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Title: Individual mobility as a route for social change : psychological barriers for participation in higher education
Author: Nieuwenhuis, Marlon
ISNI:       0000 0004 5919 7223
Awarding Body: Cardiff University
Current Institution: Cardiff University
Date of Award: 2015
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This thesis focuses on the individual mobility of working class students attained through participation in higher education. I examine the structural and psychological barriers they perceive and how these barriers prevent them from successfully engaging in individual mobility. In Chapter 1, I outline the general theoretical background of the research reported in the thesis by introducing relevant individual mobility constructs and exploring current research on this topic. In Chapter 2, I examine mobility attitudes and behaviour in three experimental studies. I show that 1) highly able students are more likely to engage in individual mobility; 2) when the permeability of a high status institution was low, individual mobility decreases; and 3) incompatibility between old and possible new social identities makes individual mobility less attractive as a strategy, especially in a context where the higher status position is prestigious and alternative options are seen as ‘good enough’. In Chapter 3, I examine factors predicting the success of the upwardly mobile within higher education. In four studies, using structural equation modelling, I demonstrate that disadvantaged students are less likely to regard university as consistent with their social background, which predicts lower levels of psychological fit. In turn, psychological fit predicts lower levels of well-being, academic adjustment and performance. I also explore the effect of a value affirmation intervention on the strength of the relationship between identity compatibility and psychological fit for low SES students, which could potentially improve their outcomes at university. In Chapter 4, I examine why A-level pupils from low SES backgrounds are less likely to apply to high status universities. In two studies conducted in UK secondary schools, I found that application to high status universities is predicted by anticipated psychological fit, while controlling for academic performance. In Chapter 5, I summarise the results of my research and draw some overarching conclusions. I address some of its limitations and implications, and outline directions for future research.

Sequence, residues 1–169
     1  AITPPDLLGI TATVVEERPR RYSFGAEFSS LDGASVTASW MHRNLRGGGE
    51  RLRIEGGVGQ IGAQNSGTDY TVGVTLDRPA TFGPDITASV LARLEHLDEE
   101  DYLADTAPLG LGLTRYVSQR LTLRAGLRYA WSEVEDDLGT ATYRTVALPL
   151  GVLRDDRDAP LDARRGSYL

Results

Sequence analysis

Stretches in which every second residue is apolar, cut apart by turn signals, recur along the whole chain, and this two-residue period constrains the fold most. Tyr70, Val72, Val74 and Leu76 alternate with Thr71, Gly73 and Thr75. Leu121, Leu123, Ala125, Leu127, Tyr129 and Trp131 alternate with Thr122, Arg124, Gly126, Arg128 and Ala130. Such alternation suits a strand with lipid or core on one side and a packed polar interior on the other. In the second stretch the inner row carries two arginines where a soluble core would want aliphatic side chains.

Supervisor: Not available Sponsor: Not available
Qualification Name: Thesis (Ph.D.) Qualification Level: Doctoral
EThOS ID:  DOI: Not available
Keywords: BF Psychology